In my foolishness, I even considered that he should resign from his position as Cabinet Minister since his wise and eminent statements alone could impact negatively on government funding!
I am so dense that I falsely reasoned that if he knew about said Denis Ayo and the fake insurance bonds as he stated in great detail to The Observer, he should NOT have told UNRA to sign before due diligence had been done on Eutaw.
Elsewhere, among the Byandala quotes are gems like: “In Cabinet, we discuss serious issues affecting the nation, not stupid things like this (Eutaw allegation)!”
There’s that word again: stupid. Like me – and most Ugandans who expected much, much better from Engineer Abraham James Byandala; and most of all, those who will be voting for him again come 2016.

a day well spent with Ugandan Youths – there IS hope!

I’m ticking today off as successful because I’ve spent a large part of it mingling with the right sort of Ugandan Youth.

Tell the truth – what image comes to mind when you read the phrase ‘Ugandan Youth‘? The truth! Tell the truth?!


The first photograph on the list when I google for Ugandan Youth Images

Somebody’s dancing, right? Or has one hand raised doing something while the other cradles a drink? Or is shouting?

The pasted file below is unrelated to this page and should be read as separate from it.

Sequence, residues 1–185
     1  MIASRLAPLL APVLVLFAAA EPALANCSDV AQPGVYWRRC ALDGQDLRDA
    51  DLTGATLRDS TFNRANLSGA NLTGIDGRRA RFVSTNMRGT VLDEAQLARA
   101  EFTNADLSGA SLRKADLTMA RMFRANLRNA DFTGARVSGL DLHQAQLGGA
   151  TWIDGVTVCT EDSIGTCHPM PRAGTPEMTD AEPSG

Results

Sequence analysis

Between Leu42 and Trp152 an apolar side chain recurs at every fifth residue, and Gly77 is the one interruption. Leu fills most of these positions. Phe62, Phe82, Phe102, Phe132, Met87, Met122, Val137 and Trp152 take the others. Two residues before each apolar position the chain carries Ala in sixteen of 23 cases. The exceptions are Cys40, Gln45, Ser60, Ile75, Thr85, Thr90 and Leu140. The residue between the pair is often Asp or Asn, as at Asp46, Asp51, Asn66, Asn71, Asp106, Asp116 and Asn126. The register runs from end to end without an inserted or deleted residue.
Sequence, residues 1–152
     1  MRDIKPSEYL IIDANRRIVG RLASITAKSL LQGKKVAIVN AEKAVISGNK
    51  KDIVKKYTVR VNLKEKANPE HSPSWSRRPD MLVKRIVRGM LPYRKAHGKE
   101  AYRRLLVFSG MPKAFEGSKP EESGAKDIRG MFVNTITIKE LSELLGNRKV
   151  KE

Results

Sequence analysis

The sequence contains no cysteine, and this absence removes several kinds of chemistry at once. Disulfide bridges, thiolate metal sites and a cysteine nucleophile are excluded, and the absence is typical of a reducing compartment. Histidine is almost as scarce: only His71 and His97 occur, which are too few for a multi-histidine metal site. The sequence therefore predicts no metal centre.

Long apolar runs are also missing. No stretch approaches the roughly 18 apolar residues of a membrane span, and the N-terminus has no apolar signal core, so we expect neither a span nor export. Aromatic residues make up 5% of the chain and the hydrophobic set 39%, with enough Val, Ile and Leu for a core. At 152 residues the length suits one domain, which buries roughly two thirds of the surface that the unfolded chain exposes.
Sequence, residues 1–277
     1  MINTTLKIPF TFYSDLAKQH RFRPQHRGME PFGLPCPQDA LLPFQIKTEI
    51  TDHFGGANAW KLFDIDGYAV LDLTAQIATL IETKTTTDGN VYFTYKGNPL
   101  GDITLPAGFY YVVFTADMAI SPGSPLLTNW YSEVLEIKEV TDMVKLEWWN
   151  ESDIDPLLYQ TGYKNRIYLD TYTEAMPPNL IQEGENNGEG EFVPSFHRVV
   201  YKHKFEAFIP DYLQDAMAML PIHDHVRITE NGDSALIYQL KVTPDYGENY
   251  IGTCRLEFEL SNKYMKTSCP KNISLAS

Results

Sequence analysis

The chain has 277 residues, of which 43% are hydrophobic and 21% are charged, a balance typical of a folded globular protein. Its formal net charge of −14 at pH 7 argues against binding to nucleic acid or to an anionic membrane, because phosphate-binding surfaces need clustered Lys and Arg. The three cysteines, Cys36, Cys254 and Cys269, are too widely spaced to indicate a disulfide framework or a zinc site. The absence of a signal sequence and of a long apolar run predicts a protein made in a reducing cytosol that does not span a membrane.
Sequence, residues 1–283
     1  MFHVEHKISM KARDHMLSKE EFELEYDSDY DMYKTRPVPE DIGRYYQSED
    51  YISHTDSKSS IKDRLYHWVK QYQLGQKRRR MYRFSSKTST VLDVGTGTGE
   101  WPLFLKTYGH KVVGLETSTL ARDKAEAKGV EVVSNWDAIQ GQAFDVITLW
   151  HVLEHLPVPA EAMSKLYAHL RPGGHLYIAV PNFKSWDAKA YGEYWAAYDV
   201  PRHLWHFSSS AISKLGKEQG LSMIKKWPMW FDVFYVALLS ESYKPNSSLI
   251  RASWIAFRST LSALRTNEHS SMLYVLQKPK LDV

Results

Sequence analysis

Eh? Eh? Eh?

Well, the Ugandan Youth, much like any other nationality of Youth, can be found in different habitats – hostels and dormitories, nightclubs and bars, open plan offices and junior staff cubicles, dusty trading centres and hectic trade spots…they are everywhere.

They constitute possibly more than 77% of the population (until the census says otherwise) and therefore the vast majority of them can be quite annoying, irritating, irrelevant, and superfluous to any need or positive use that one can put them to.

But there are days like today that allow one to engage with enough of these boys and girls to give one hope that not all is lost.

I started off at the Hive Co-lab just below SMS Media offices, where I had agreed to moderate today’s edition of #256Talks – an ICT Developer community event at which these kids gather to do just that: talk. 

They talk officially about various industry and sector related things and use the opportunity to share experiences and learnings; and today’s session was about ‘Start-Up Myths’ (“We didn’t Fail, We are in Hibernation”).

Three young fellows turned up and shared their Start-Up experiences, but after I had talked about my own experience at SMS Media going back so many years that some of them were just beginning primary school when us guys were uploading our first SMS Keywords.